PastForward 2015 Preservation Conference
Stephanie K. Meeks Keynote Speech
Remarks by Stephanie Meeks
Thank you. And thank you all for being here. It’s great to be with you.
At the conference this week, and over the next twelve months, we will be focused on the future of preservation. So, in the spirit of PastForward, I wanted to spend a few minutes today reflecting on the past fifty years of our work, and the road ahead. A look to the past, if you will, before we go forward.
Over that time, we have seen and experienced profound transformations in the ways families live, work, and play – transformations that once would have seemed like science fiction. In my lifetime, we have gone from a time when color televisions were rare, to a time when everyone here is effectively carrying one in their pocket. And a lot of this change has been a good thing.
In a time of enormous upheaval, we have worked to preserve the connections and the history that make us who we are. We have helped protect what is good in our communities, and even the idea of community itself.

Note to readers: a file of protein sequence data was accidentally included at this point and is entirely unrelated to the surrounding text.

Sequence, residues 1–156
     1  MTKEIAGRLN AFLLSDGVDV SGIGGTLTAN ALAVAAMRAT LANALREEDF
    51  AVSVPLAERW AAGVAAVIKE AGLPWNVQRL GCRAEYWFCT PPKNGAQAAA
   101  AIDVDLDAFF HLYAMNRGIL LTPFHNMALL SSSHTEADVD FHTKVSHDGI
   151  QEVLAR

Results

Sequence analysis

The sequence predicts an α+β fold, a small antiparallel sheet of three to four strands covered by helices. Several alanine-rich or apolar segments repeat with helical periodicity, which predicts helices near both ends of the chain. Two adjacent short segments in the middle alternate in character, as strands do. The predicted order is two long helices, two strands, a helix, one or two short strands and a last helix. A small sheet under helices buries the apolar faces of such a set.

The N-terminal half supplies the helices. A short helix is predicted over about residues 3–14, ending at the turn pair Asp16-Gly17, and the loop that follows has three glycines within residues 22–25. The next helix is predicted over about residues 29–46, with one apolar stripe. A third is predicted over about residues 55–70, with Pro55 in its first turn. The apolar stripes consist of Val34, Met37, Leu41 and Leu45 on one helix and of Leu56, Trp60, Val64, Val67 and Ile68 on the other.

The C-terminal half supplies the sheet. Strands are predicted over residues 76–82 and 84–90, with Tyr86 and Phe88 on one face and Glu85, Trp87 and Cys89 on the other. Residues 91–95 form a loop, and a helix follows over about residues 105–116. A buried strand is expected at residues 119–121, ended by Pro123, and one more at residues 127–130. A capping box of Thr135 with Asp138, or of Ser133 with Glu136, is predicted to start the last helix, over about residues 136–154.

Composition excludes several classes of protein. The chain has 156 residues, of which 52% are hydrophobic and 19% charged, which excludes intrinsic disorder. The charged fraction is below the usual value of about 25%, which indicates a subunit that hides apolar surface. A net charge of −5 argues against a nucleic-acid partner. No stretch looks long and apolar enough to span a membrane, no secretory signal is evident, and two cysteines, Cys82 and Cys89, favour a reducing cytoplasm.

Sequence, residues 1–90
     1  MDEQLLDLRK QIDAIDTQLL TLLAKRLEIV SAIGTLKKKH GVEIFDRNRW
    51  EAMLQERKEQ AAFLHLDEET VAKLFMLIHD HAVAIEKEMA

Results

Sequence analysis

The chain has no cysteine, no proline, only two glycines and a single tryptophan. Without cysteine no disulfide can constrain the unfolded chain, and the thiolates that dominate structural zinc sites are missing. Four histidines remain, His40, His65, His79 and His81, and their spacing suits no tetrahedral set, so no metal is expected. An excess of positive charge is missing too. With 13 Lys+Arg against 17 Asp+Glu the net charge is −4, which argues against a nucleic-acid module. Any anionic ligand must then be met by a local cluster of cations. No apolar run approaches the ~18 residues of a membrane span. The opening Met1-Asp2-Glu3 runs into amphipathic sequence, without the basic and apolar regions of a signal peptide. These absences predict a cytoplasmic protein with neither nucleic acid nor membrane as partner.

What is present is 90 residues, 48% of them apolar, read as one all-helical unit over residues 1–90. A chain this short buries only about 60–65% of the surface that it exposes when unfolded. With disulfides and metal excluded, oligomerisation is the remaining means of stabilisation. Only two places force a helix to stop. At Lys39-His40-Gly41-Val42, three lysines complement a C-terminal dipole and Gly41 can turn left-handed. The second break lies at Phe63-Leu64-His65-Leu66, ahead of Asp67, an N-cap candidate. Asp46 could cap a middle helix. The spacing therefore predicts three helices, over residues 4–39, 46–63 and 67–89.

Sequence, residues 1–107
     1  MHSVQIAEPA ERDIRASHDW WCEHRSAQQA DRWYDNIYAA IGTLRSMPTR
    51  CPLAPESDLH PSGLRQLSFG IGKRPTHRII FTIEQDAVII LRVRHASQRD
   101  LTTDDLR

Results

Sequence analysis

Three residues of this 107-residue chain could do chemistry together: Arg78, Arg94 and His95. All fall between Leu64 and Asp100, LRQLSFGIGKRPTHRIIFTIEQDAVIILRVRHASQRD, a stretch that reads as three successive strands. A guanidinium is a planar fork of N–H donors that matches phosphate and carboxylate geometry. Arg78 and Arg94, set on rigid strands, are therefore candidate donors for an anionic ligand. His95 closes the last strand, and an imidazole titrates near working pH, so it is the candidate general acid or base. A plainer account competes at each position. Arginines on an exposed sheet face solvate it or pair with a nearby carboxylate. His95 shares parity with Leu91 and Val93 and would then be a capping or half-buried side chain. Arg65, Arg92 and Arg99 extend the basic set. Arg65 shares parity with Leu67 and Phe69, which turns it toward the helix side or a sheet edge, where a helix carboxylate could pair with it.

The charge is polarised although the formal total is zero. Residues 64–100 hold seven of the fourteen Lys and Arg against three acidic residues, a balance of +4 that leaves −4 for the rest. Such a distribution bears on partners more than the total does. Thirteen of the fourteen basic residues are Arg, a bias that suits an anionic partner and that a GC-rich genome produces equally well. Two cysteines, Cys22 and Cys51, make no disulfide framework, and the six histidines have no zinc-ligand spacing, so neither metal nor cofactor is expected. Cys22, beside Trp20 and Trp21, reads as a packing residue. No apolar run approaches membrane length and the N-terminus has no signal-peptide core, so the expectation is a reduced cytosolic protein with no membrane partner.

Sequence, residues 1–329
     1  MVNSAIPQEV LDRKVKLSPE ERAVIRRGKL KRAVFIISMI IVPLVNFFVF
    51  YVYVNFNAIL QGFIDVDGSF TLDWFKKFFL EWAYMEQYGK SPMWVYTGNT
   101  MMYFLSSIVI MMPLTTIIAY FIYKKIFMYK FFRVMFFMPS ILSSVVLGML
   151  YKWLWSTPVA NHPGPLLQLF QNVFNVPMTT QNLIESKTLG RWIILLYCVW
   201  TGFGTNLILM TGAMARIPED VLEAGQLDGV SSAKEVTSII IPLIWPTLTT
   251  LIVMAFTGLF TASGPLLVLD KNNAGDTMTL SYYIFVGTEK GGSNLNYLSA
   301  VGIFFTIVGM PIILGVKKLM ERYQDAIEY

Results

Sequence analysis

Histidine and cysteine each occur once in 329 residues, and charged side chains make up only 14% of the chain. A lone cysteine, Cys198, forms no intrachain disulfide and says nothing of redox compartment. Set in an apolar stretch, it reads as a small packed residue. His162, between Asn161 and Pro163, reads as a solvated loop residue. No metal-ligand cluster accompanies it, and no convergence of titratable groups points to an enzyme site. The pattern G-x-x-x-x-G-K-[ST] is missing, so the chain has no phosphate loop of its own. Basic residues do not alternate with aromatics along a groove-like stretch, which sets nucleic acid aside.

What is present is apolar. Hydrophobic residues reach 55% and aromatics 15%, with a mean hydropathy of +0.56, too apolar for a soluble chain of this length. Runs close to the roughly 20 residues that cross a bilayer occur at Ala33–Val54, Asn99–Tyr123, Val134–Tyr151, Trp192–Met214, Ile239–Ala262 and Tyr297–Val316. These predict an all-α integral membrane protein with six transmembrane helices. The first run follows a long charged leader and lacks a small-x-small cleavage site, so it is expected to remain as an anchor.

And when you take a step back and look at what we’ve accomplished, it truly is remarkable.
We don’t often get the luxury of reflection. From day to day, we are either deep in the trenches or on to the next battle.
We all know how fighting to save places can be all-consuming, and sometimes we lose our sense of the big picture. Because we have all known the agony of defeat. We have all felt the sting of loss, those places we could not save.
But as I said earlier, when you stop and think about it, it is really amazing how far we have come. Together, we have made an incredible difference over the past five decades.
Consider the time before the National Preservation Act was passed.
We may enjoy reflecting back at the time of Mad Men now, but in the 1960’s, the past was not in vogue. America looked to the future.
Let’s go back to those years…Civil rights and Vietnam were in the news. The Astrodome had just opened. The Beach Boys had “Good Vibrations.” Bob Dylan was plugged in. Twiggy was the “face of 1966.”